Now for details. The steering feel is superb and is benefited in this car by the addition of an aftermarket Momo wheel spaced further towards the driver. The hydraulic steering provides substantial feedback and proper weight for a sports car, though it is not quite as delightful as the non-assisted steering in my ‘85 (but parking lot maneuvers are much easier!) While the aforementioned shifter linkage needs repair, the transmission itself is tight and heel-toe shifting is phenomenally easy, especially in comparison to the 915 box in my ‘85. I actually second-guessed myself on my first 3-2 corner-entry downshifts, sure I must still be in neutral because it was simply too easy to rev-match and slide down a gear. The engine is equally good, providing strong torque from midrange and begging you to ring it out. For those used to modern low-lag turbos, this will not have the low-end grunt you expect. You must let the engine breathe and then shift to keep the revs above 3000. These engines do have the potential for catastrophic IMS failures, but this liability can be solved, as it was in this car, which leaves you with a superb and reasonably dependable engine. My only disappointment is that with a stock exhaust, it’s far too quiet for my taste. On the inside, seating is surprisingly tight. This car is larger than my ‘85 but feels noticeably smaller on the inside. That is largely due to the aerodynamic redesign that Porsche implemented with this generation, significantly increasing windshield rake. The effect is that this cabin feels more cave-like than older 911’s. On the upside, wind noise is down and top speed is up. Furthermore, the tighter cabin does mean that every control is within easy reach. The seats and pedals are perfectly positioned and supportive. This is a great place to sit while taking corners fast!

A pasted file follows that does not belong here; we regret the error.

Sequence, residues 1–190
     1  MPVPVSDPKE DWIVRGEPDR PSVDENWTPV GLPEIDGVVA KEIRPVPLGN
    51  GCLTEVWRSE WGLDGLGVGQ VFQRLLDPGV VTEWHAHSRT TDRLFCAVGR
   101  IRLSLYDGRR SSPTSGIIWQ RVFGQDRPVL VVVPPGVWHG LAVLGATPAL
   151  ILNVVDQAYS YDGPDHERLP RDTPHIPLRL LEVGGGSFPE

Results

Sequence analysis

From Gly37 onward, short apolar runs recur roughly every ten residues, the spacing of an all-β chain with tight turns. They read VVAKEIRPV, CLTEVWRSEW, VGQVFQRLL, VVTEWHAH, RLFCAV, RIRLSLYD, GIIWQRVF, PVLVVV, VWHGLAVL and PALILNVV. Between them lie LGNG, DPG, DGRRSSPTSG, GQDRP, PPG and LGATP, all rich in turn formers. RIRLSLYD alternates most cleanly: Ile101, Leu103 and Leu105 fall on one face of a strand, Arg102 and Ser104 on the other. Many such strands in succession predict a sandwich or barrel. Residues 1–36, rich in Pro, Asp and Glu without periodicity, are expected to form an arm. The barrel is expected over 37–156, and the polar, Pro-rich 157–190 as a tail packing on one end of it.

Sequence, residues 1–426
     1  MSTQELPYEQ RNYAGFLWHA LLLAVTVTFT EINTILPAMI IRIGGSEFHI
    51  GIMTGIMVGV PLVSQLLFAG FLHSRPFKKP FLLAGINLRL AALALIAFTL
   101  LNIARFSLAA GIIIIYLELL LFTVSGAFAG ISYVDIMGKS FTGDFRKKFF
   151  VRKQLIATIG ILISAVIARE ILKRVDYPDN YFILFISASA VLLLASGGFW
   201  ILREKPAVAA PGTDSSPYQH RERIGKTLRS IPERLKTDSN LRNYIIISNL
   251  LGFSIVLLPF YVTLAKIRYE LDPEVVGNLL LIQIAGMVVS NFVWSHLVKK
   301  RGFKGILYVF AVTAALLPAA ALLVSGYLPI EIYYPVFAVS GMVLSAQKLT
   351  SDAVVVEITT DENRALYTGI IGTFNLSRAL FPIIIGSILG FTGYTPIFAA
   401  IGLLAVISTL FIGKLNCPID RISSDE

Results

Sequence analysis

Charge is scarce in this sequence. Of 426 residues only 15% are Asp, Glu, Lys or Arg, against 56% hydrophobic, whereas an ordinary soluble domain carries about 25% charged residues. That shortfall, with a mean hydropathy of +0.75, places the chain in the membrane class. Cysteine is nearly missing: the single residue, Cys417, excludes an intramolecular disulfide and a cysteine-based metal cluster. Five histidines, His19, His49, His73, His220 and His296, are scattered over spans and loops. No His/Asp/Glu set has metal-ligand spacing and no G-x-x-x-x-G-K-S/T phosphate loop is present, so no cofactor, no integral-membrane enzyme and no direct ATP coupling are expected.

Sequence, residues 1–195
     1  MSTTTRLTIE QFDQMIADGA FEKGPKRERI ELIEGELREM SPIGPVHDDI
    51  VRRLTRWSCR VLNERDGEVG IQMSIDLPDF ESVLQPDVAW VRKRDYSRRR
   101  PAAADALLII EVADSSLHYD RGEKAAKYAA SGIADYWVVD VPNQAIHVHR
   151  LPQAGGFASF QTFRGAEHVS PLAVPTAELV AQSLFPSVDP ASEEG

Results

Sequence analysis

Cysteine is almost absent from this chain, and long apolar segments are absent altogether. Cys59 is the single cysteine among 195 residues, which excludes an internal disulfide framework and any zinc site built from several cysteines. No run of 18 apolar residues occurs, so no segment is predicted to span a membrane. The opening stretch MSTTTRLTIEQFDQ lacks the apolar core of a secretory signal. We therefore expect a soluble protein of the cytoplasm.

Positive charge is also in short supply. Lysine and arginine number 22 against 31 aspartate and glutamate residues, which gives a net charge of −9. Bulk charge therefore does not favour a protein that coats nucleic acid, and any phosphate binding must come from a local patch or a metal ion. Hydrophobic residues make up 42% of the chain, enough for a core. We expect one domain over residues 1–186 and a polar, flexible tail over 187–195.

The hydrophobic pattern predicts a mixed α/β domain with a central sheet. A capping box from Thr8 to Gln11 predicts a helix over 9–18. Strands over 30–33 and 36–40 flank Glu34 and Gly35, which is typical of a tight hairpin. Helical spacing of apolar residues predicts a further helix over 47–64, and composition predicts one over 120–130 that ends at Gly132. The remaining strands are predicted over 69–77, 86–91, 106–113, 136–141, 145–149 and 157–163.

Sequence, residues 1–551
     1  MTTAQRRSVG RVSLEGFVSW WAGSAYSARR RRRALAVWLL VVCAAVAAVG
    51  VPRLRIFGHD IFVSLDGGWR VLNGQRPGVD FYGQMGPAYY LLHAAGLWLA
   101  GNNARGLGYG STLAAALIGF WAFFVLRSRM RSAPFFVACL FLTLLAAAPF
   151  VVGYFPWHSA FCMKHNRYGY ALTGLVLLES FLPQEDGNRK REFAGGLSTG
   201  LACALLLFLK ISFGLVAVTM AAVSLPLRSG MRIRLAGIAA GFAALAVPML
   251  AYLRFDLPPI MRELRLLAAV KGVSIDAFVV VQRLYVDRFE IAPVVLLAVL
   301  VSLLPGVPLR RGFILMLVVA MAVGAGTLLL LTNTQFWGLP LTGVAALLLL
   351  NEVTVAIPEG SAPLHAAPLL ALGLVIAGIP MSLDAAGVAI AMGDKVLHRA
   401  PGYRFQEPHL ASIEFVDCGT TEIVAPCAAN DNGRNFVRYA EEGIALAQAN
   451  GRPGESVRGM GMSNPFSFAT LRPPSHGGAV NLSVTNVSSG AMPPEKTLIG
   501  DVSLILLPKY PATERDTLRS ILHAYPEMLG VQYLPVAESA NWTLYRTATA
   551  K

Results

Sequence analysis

Impressions of an 80’s Carrera

Rami: Interestingly, this cockpit instantly felt roomier than the 996. The steering wheel is big and the view of the road is commanding due to the small dash and the very thin pillars.  Starting the car sounds throaty as this example has an aftermarket exhaust and no catalytic converter. The sound is unmistakable. The clutch pedal is hinged to the ground which feels different the first time your foot presses it, but you adjust quickly and then never notice it again. The shifter is what feels most different from the 996. This is definitely not a fast shifter. It takes effort to put in gear, every gear, every time. Slow shifting makes it more work, but also makes the drive rewarding when you get it right. Acceleration feels great. While not as fast as the 996, it feels fast enough with plenty of torque. The corners are great in this car. There’s little body roll and it sticks to the road with unmatched steering feel thanks to its lack of power assist. The ride is firm but very comfortable and it tracks straight and feels solid. Downshifting for corners takes practice and sometimes requires a double clutch press. But this is part of the charm of an older 911. Windows down with the sound of the motor in your ears makes for a very engaging drive.